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Death at Drexel heightens meningitis concerns

Officials determined the student contracted the disease while at Princeton.

The death of a freshman at Drexel from a rare form of meningitis earlier this month was the latest instance of the disease at Philadelphia-area colleges this school year, heightening concerns about the spread of the disease.

Senior Administrator of Temple University School of Medicine Mark Denys recommended that Temple students receive a meningococcal disease vaccination, which can be received at the Student Health Services for $85.

Pennsylvania law dictates that students attending an institution of higher education and residing in a dormitory must receive a vaccine, or provide a waiver declining the vaccination for religious or medical reasons. Although the university is not required to pay for the vaccination, valid information must be provided to students.

“It’s the best way to prevent the meningitis from spreading, by getting vaccinated,” Denys said.

Denys said 21 percent of Temple students signed the waiver declining the meningitis vaccine this year.  In the past three years, there has been one student at Temple infected with the disease.

No students have received the vaccine at Temple since March 1, Denys said.

The Philadelphia Medical Examiner’s office confirmed bacterial meningitis as the cause of death for Drexel sophomore Stephanie Ross on March 10. Ross was a mechanical engineering major and a member of the Phi Mu sorority.

The strain found in Ross was discovered to be an extremely rare strain of meningitis, known as serogroup B meningococcal disease, which current U.S. vaccines do not protect against. This same strain was found to have infected eight Princeton University students last fall.

After it was reported that Ross had close contact with Princeton students a week before her death, officials at the Ivy League school canceled overnight stays for admitted students during the annual “Princeton Preview,” opting to house students at hotels in Philadelphia and Newark, N.J., according to a report by The Daily Princetonian.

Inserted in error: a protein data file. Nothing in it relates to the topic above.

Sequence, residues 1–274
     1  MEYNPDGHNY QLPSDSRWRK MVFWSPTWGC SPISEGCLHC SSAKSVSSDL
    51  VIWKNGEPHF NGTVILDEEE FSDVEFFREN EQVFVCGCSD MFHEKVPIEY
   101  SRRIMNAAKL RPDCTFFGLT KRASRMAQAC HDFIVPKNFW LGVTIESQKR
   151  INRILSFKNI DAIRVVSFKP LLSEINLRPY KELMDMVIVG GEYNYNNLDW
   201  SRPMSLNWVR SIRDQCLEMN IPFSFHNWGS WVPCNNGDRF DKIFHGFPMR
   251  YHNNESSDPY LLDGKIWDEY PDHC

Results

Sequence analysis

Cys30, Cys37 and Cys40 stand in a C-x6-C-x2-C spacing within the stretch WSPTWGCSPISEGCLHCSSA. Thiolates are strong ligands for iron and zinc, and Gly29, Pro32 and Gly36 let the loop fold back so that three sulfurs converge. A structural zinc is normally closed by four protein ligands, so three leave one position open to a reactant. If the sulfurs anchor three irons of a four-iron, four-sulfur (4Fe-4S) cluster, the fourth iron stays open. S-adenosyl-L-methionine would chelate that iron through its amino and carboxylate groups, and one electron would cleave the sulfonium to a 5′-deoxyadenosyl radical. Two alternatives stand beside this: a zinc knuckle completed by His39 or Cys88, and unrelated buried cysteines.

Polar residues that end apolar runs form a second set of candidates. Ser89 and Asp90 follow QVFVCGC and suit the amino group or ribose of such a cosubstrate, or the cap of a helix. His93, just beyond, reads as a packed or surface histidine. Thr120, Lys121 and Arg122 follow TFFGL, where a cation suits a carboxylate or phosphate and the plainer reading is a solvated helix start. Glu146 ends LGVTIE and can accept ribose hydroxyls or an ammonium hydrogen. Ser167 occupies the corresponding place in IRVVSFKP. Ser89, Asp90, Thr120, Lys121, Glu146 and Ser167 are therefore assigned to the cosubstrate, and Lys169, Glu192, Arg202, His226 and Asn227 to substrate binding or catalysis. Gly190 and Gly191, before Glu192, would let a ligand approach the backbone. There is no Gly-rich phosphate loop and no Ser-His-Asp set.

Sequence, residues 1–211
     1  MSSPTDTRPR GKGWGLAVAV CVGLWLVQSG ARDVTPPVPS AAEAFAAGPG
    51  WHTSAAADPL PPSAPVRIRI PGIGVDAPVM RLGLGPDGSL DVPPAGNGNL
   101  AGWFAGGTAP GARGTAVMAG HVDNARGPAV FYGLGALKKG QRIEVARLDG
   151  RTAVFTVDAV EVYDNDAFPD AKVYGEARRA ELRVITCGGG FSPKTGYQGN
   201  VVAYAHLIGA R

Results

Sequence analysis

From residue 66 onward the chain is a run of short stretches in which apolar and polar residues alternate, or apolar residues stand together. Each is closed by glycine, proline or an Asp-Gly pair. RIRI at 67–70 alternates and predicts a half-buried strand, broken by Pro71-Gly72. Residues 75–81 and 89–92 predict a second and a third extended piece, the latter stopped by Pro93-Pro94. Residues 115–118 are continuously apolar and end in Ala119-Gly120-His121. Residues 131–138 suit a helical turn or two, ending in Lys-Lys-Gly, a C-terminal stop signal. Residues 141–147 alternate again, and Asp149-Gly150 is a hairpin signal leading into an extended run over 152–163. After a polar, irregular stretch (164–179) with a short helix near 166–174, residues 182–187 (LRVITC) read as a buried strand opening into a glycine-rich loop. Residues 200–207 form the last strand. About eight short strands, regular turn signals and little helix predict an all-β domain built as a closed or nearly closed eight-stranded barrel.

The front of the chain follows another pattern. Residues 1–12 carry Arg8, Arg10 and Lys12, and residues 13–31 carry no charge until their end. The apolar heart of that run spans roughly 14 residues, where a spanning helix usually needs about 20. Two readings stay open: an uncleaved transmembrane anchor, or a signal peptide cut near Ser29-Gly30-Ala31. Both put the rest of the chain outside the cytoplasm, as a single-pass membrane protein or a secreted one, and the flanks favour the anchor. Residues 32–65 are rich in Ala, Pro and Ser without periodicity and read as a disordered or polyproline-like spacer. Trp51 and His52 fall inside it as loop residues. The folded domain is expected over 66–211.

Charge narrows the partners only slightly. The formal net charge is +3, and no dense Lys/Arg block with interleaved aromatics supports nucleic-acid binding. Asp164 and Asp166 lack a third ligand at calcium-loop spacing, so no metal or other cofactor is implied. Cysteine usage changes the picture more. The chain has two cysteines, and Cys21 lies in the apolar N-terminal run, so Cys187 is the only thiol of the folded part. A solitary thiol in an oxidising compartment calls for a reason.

A vaccine against the serogroup B strain that is licensed in Europe, Australia and Canada has been approved for use at Princeton by the Centers for Disease Control and Prevention.

Earlier this month, a junior ROTC student at Widener University was diagnosed with viral meningitis, a less severe strain of the disease that patients can typically recover from on their own, according to the CDCP.

According to the CDCP, meningitis is a disease caused by the inflammation of the meninges, the membranes covering the brain and spinal cord. There are five types of meningitis: bacterial, viral, parasitic, fungal and noninfectious.

The CDCP said the “incubation period” of meningococcal disease is three to four days, but can last from two to 10 days. The most common symptoms of meningitis are high fever, chills, headache, lethargy and neck stiffness. The disease progresses quickly, and in extreme cases shock, coma or death can occur despite receiving medical treatment.

About 10-15 percent of people diagnosed with a meningococcal disease die even if they receive the proper treatment, and some who recover from the disease experience negative effects such as brain damage and hearing loss.

Drexel student and member of Sigma Phi Epsilon Thomas Perkins said Ross’ passing created a sense of unity among the Drexel community as well as Greek life.

“I think that the loss brought the Greek community a lot closer,” Perkins said. “All of the Greek organizations contributed to Phi Mu by preparing dinners for finals week. The loss really affected everyone, and seeing the way everyone came together made me proud to be a part of Drexel’s Greek life.”

Perkins said he received the treatment that Drexel provided, and was also vaccinated before he arrived at school.

According to the National Meningitis Association, meningitis infects approximately 1,500 Americans each year, and while anyone can contract the disease, people living in close quarters to one another, such as college freshman, are more at risk.

Denys said students can take precaution against meningitis by receiving the vaccine, washing their hands, not sharing cups or utensils and not smoking.

Logan Beck can be reached at logan.beck@temple.edu.

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